Today is Mother’s Day—sure to be the strangest Mother’s Day in recent memory. This year, the position of the apostrophe in “Mother’s Day” will take on special significance, and not just for historical reasons. This year, it will be the singular, not the plural.
Mothers whose children still live at home are free to—and, indeed, must—spend the day in the company of their kids. Mothers of an older generation, however, like my own mom (pictured above, with Yours Truly), will have to make due with Zoom or FaceTime. How can we call on our mothers, bring them flowers, take them to brunch, without putting their very lives in jeopardy?
I expect that the highway traffic will pick up today. I anticipate plenty of dutiful sons and daughters will make the trek to their hometowns, to spend the day in the company of their mothers. The peer pressure to maintain social distance will come in direct conflict with guilt—two powerful forces indeed. It is my wish that we adult children show our love for our mothers by steering clear of them, and that our mothers know that maintaining physical distance is an expression of love—the purest way it can be expressed, in the annus horribilis of 2020.
Today’s “Sunday Pages” is the closing lyric of a traditional folk song called “Texas Rangers,” arranged so beautifully by Richard Shindell on his album South of Delia (which also includes a cover of “Born in the USA” that just breaks your heart).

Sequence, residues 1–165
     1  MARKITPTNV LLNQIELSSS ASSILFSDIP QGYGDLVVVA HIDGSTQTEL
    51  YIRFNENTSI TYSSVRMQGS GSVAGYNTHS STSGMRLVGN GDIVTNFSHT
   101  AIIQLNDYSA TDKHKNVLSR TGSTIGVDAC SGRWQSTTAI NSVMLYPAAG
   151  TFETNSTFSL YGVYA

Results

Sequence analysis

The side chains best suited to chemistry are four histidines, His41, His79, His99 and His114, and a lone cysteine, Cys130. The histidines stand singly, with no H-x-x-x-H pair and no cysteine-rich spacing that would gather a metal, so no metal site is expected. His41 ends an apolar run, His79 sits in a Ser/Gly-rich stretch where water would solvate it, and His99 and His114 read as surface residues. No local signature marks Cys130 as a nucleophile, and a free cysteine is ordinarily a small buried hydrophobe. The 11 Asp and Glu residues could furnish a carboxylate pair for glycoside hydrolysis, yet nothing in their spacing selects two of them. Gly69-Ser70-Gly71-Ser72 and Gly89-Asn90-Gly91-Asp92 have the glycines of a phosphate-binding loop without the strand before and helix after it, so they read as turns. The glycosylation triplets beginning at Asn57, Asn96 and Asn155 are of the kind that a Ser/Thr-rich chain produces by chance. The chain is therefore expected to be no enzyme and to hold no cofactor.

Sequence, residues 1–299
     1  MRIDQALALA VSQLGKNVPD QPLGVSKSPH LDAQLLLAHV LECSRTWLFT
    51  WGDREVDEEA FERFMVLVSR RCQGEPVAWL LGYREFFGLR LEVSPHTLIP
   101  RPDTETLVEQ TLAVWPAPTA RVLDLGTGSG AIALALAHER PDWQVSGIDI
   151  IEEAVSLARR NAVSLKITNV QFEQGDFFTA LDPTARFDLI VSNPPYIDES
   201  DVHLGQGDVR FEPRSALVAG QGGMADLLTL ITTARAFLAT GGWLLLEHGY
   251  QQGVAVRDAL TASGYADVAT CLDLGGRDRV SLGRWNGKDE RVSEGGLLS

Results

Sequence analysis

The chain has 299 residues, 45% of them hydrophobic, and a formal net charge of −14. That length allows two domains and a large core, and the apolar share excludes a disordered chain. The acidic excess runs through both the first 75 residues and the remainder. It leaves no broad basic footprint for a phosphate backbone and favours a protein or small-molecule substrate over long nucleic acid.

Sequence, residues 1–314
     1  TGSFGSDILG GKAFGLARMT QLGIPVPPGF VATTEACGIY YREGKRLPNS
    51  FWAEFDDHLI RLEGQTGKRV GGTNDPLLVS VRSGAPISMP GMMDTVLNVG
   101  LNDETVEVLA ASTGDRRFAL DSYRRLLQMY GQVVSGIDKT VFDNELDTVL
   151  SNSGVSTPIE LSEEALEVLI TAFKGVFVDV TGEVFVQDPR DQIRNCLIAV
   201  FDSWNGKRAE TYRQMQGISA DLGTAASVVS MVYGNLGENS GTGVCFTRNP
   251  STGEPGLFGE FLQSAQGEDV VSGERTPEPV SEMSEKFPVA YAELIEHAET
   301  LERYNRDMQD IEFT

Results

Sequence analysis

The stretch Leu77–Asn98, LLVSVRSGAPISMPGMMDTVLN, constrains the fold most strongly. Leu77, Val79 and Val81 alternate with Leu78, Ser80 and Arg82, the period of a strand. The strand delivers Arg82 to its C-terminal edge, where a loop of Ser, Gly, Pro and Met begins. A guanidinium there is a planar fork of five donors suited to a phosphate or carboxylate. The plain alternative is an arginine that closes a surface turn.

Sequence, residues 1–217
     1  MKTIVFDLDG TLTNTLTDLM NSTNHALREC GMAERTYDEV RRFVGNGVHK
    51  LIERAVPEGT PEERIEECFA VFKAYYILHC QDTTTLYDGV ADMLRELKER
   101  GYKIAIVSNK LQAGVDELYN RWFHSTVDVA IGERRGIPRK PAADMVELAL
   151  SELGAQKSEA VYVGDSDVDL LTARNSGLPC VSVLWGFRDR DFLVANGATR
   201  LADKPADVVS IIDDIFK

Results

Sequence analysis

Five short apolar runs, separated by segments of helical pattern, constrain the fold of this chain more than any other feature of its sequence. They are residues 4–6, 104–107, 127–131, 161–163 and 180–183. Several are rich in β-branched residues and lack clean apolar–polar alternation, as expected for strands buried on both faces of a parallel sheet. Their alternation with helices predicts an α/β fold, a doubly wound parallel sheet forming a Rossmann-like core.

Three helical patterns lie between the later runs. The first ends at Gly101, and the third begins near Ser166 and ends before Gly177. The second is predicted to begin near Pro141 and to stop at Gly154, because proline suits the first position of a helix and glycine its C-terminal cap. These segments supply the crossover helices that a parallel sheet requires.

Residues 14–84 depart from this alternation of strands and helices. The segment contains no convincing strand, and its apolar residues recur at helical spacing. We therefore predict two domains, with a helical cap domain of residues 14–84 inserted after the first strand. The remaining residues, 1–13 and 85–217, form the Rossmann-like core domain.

In the song, a 16-year-old recruit of the Rangers—a militia group formed in the 1830s to protect Texas from raids by the Comanche, Tonkawa, and Karankawa Indians—reflects on a terrible battle that scars him forever. “Texas Rangers” is an anti-war song, but the closing lyrics are quite applicable to the Age of Quarantine:
Perhaps you have a mother, likewise a sister too.
Perhaps you have a sweetheart, to weep and mourn for you.
If this be your position, although you’d like to roam,
I’ll tell you from experience, you’d better stay at home.
Happy Mother’s Day!
Above: Me and my mom. Top of page: my grandmother (right) with her brother and sister, circa 1913.